Merritt was a major influence on H. P. Lovecraft and Richard Shaver, and highly esteemed by his friend and frequent collaborator Hannes Bok, a science fiction illustrator. Karl Edward Wagner included Burn Witch Burn on his list of "The Thirteen Best Supernatural Horror Novels" in the May 1983 issue of The Twilight Zone Magazine. Michael Moorcock and James Cawthorn list The Ship of Ishtar and Dwellers in the Mirage as two of the novels in their book Fantasy: the 100 Best Books, describing the former book as Merritt "at the peak of his powers", and Merritt's work as a whole being full of "memorable images". Robert Bloch also included Burn Witch Burn on his list of favourite horror novels Gary Gygax, creator of the game Dungeons and Dragons, listed Merritt in "Appendix N" of the Dungeon Masters Guide and often noted that he was one of his favorite fantasy authors. In the Lensman series by E.E. Smith, there is a reference to the novel Dwellers in the Mirage in which the protagonist Kimball Kinnison references the book and a quotation from it "Luka—turn your wheel so I need not slay this woman!"
- The Moon Pool (fix-up, 1919) Available online
(The Moon Pool (1918) + Conquest of the Moon Pool (1919))
- The Metal Monster (1920) Available online
- The Ship of Ishtar (1924) Available online
- Seven Footprints to Satan (1927) Available online
- The Face in the Abyss (fix-up, 1931) Available online
(The Face in the Abyss (1923) + The Snake Mother (1930))
- Dwellers in the Mirage (1932) Available online
- Burn, Witch, Burn! (1932) Available online
- Creep, Shadow! (1934) Available online
- "Through The Dragon Glass" (1917) Available online
- "The People of the Pit" (1918) Available online
- "Three Lines of Old French" (1919) Available online
- "Prologue" (The Metal Monster, 1920)
- The Pool of the Stone God (as W. Fenimore, 1923) Available online
- "The Women of the Wood" (1926) Available online
- "The Drone" (also known as "The Drone Man", 1934) Available online
- "The Rhythm of the Spheres" (originally a chapter called "The Last Poet and the Robots" or "The Last Poet & the Wrongness of Space" in the 1934 round robin novel titled Cosmos, revised in 1936 as a stand-alone work) Available online
- "The Whelming of Cherkis" (excerpt from The Metal Monster, 1946)
- "When Old Gods Wake" (fragment, 1948) Available online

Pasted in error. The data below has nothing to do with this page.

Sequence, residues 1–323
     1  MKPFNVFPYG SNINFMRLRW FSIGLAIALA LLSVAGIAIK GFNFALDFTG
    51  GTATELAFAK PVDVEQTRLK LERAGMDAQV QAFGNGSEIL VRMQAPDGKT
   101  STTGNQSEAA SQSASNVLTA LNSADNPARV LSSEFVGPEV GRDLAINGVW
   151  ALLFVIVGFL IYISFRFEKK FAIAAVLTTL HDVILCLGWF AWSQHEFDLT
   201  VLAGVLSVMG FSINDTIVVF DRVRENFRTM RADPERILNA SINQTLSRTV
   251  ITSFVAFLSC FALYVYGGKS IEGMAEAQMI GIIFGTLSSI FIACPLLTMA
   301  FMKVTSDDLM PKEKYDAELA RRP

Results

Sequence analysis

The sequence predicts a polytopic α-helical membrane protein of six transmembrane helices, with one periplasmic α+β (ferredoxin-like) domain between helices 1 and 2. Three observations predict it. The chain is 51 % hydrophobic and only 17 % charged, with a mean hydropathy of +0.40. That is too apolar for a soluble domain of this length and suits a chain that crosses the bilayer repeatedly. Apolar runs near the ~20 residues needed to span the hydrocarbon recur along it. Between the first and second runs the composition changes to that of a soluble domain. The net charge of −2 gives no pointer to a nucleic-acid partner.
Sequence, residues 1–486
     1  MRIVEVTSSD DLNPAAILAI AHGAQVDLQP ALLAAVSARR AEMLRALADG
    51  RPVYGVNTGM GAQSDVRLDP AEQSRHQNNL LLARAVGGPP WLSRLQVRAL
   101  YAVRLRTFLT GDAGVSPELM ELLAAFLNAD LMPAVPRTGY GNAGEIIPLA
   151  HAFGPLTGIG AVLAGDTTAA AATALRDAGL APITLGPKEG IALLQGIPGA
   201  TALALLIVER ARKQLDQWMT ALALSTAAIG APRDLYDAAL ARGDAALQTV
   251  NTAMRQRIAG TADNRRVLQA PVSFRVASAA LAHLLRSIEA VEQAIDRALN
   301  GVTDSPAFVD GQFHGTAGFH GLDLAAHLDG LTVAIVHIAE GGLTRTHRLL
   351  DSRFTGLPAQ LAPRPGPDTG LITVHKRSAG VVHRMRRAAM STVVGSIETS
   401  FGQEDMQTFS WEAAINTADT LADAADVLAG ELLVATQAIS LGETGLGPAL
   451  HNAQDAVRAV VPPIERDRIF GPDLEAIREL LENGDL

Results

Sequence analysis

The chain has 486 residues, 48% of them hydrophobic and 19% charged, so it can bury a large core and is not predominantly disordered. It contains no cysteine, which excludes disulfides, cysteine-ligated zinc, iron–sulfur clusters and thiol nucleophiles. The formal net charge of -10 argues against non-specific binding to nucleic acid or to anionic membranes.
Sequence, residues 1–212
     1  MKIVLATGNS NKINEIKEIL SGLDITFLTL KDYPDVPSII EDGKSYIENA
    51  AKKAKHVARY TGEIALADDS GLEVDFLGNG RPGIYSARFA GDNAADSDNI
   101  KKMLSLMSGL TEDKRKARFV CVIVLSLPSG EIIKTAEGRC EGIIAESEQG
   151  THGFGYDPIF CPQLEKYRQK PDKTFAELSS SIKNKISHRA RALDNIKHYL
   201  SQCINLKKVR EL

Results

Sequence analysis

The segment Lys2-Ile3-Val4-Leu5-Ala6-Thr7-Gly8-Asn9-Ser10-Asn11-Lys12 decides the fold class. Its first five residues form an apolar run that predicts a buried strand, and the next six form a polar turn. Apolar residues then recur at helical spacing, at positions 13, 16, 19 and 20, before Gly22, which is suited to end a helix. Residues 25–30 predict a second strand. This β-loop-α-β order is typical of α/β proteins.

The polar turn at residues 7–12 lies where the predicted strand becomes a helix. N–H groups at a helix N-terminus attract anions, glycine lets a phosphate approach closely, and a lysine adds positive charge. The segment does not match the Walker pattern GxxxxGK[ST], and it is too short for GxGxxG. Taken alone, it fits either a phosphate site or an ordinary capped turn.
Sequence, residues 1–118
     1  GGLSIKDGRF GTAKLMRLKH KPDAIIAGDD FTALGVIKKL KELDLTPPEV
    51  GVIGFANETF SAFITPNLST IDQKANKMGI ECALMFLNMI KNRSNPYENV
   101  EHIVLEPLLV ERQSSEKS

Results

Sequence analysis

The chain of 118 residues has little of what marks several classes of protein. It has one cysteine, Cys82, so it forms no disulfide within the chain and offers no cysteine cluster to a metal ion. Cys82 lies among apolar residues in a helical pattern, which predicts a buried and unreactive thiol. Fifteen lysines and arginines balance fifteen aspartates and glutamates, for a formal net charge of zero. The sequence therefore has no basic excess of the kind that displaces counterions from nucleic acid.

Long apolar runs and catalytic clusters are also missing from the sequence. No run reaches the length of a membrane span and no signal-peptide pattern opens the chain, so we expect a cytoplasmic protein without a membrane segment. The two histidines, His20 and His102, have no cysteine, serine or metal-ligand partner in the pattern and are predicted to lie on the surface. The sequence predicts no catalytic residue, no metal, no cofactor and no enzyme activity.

- "The White Road" (fragment, 1949) Available online
- "The Fox Woman" (incomplete, 1949) Available online
- "Pilgrimage, or, Obi Giese" (1985)
- "Bootleg and Witches" (fragment, 1985)
- "The Devil in the Heart" (outline, 1985)
- "The Dwellers in the Mirage" (original ending of the novel with same name, 1985)
Short story collections
- The Fox Woman and Other Stories (1949)
- The Fox Woman, 1946
- The People of the Pit, 1917
- Through the Dragon Glass, 1917
- The Drone, 1934
- The Last Poet and the Robots, 1934
- Three Lines of Old French, 1919
- The White Road, 1949
- When Old Gods Wake, 1948
- The Woman of the Wood, 1934
- "Song for Wood Horns" (also known as "The Wind Trail", 1910)
- "The Silver Birches" (1940)
- "Old Trinity Churchyard" (5 A. M. Spring) (1941)
- "Sylvane – The Silver Birches" (1973)
- "In the Cathedral" (1974)
- "2000 (The Triple Cities)" (1985)
- "Song for Wood Horn..." (1985)
- "Silvane—The Silver Birches" (1985)
- "Madonna" (1985)
- "The Ladies of the Walnut Tree (A Legend of Tuscany)" (fragments, 1985)
- "Court of the Moon" (fragment, 1985)
- "The Birth of Art" (1985)
- "L'envoi to Life" (1985)
- "Screens" (1985)
- "Sir Barnabas" (1985)
- "In the Subway" (1985)
- "Runes" (1985)
- "Eheu Fugaces..." (1985)
- "A Song for Christmas" (1985)
- "Comic Ragtime Tune" (1985)
- "Behold the Night He Cometh" (1985)
- "You Looked at Me" (1985)
- "Dream Song" (1985)
- "Castle of Dreams" (1985)
- "I Wonder Why?" (1985)
- "My Heart and I" (1985)
- Think of Me (1985)
- "The Ballad of the Cub" (1985)
- "Piddling Pete" (1985)
- "The Winged Flames" (1985)
- "The Challenge from Beyond" (round robin short story, with C.L. Moore, H.P. Lovecraft, Robert E. Howard, and Frank Belknap Long, 1935) Available online
- Cosmos (round robin novel, chapter 11, 1932–34) Available online
- The Fox Woman and the Blue Pagoda (novel, Hannes Bok fused Merritt's unfinished story with his own conclusion, 1946)
- The Black Wheel (novel, first seven chapters written by Merritt, completed by Hannes Bok, 1947)
- A. Merritt on Modern Witchcraft (1932)
- Concerning "Burn, Witch, Burn" (1932)
- Letter (Weird Tales, November 1935) (1935)
- Man and the Universe (1940)
- A. Merritt (1940)
- How We Found Circe (1942)
- A Tribute (1942)
- Letter to Mr. Louis De Casanova, July 23, 1931 (1985)
- Letters and Correspondence (1985)
- An Autobiography of A. Merritt (1985) with Walter Wentz
- A. Merritt—His Life and Times (1985) with Jack Chapman Miske
- What is Fantasy? (1985)
- Background of "Dwellers in the Mirage" (1985)
- Background of "Burn, Witch, Burn" (1985)
- Background of "Creep, Shadow!" (1985)
- A. Merritt's Own Selected Credo (1985)
Merritt's work has been adapted numerous times in film and television. These include:
- Seven Footprints to Satan (1929), adapted from the novel of the same name and directed by Benjamin Christensen.
- The Devil-Doll (1936) adapted from the novel Burn Witch Burn! and directed by Tod Browning.
- Muñecos infernales (1961) adapted from the novel Burn Witch Burn! and directed by Benito Alazraki.